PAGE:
Nadine Fiedler is Catlin Gabel’s director of publications and public relations, and the editor of the Caller.

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Zimbabwean volunteer at CG featured on KATU news

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KATU Channel 2 News came to campus to film a story on Blessing Makwera, a young man from Zimbabwe who is volunteering in our Middle School. Blessing was severely injured five years ago, when a land mine exploded near his mouth, and he has been in the U.S. for reconstructive surgery. MS counselor Kristin Ogard and her daughter Hayden have been involved in helping Blessing since 2009, when Kristin visited Zimbabwe with the nonprofit Operation of Hope and met Blessing, and Hayden's class (now juniors) raised money for one of Blessing's operations. Blessing is volunteering at Catlin Gabel as a way of acknowledging the kindness he has received from our community

Video: Diversity Conference a cappella performance, "Shosholoza"

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"Priority Male," the male section of the Catlin Gabel a cappella choir, performed the South African freedom song "Shosholoza" at the Upper School Diversity Conference on February 27, 2013. The choir is directed by Charles Walsh.

How to Match Reality & Idealism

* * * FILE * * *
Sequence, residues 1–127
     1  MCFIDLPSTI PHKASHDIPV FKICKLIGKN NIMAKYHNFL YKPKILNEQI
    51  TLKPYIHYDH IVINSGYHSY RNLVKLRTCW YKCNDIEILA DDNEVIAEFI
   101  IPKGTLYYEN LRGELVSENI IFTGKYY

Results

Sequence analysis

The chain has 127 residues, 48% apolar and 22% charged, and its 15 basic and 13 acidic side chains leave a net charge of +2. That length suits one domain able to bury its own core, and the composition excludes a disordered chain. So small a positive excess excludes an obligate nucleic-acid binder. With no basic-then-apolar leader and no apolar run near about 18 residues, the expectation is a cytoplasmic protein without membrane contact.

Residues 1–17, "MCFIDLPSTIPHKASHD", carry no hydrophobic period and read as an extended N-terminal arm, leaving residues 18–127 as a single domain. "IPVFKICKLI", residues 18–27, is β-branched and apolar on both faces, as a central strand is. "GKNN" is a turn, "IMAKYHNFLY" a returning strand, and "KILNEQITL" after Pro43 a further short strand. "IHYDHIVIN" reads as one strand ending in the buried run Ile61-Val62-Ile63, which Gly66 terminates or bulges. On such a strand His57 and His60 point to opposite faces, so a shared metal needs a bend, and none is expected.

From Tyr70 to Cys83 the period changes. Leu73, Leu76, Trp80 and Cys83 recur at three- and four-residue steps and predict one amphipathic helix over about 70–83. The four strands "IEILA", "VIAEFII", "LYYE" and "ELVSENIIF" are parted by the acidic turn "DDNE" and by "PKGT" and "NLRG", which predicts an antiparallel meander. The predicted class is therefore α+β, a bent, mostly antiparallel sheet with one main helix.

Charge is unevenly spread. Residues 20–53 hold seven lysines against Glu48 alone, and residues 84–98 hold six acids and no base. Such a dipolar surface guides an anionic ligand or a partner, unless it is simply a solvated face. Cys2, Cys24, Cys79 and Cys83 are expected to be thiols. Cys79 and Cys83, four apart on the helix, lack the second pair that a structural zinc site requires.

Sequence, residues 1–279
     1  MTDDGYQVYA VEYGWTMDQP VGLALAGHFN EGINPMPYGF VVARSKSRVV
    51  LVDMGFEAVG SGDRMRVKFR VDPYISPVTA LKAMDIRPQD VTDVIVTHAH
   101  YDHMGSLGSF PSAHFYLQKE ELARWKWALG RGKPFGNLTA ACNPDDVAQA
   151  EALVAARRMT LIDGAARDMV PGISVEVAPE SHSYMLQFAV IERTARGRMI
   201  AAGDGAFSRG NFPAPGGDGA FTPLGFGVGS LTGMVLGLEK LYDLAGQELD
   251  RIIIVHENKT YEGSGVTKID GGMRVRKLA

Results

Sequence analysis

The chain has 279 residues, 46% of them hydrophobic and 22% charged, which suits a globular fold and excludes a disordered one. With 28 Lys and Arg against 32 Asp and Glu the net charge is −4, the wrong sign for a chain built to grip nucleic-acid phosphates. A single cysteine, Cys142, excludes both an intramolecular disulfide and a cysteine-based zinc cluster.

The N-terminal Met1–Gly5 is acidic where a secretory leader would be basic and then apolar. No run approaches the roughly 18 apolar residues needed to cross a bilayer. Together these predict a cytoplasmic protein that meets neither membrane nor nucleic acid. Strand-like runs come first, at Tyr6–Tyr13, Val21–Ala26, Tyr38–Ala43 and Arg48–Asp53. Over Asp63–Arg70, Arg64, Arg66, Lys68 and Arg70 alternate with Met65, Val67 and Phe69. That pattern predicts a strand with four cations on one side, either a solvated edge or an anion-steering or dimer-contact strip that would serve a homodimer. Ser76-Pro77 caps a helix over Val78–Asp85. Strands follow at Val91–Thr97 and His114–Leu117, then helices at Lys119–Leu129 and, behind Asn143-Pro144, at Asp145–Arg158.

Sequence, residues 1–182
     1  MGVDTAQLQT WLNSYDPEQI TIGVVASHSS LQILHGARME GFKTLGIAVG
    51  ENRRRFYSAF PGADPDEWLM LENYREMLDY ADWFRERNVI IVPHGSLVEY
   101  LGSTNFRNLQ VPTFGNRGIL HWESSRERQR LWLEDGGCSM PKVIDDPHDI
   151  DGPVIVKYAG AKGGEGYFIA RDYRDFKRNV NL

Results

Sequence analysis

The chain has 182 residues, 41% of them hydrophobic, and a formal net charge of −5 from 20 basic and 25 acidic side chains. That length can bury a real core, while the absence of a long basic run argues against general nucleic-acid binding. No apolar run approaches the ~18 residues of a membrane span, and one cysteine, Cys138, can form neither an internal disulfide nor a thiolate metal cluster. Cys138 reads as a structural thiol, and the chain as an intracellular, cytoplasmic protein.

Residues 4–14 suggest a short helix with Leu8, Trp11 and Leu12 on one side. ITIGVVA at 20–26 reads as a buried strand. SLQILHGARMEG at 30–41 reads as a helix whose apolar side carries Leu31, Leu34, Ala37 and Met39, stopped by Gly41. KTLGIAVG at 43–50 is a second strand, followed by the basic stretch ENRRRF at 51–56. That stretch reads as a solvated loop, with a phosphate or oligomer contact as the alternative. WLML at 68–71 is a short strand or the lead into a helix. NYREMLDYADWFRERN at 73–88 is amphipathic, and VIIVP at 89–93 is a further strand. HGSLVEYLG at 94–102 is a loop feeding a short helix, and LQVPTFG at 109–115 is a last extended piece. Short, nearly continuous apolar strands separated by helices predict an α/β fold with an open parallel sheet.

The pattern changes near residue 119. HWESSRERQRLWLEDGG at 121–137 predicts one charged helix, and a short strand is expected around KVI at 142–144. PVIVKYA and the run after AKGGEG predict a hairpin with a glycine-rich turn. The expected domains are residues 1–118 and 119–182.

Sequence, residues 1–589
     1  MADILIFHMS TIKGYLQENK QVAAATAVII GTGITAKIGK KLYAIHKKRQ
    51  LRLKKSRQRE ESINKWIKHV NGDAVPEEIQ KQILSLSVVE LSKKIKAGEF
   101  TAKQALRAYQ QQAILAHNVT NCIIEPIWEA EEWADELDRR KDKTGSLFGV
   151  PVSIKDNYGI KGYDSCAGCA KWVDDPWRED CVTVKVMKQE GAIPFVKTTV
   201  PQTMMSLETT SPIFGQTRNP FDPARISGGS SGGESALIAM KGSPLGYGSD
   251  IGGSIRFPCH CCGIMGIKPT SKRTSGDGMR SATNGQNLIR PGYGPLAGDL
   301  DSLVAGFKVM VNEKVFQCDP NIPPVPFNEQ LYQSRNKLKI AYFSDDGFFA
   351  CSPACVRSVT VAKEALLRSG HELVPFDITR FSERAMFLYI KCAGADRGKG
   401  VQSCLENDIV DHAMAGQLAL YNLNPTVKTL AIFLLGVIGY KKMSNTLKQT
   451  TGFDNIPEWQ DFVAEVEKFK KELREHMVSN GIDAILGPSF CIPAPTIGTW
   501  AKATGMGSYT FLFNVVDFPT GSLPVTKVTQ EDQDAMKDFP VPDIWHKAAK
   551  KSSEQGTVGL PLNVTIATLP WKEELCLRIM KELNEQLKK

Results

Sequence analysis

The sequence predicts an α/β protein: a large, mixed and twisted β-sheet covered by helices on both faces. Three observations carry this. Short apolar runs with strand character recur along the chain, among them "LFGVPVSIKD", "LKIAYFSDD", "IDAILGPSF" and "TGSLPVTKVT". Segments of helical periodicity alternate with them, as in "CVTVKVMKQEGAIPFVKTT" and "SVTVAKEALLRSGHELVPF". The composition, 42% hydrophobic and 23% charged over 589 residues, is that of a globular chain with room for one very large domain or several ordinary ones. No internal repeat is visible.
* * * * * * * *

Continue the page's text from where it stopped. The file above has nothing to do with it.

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A trustee & parent on why she supports financial aid

From the Fall 2011 Caller

By Elizabeth Steiner Hayward

Knowing that I’m violating a cardinal rule of writing, I’ll start this piece with several rhetorical questions. Why did our family choose Catlin Gabel as the right school for our children? What has inspired us to volunteer our time, energy, and financial resources for the school? What are the values that Catlin Gabel holds dear that we believe should resonate throughout our community and the broader Portland community? A straightforward answer suffices; Catlin Gabel inspires all of us to show our best selves, to reach deep inside and ask tough questions, to accept and rejoice in our commitment to the world around us, to “make the world a better place” (to quote the Girl Scout law).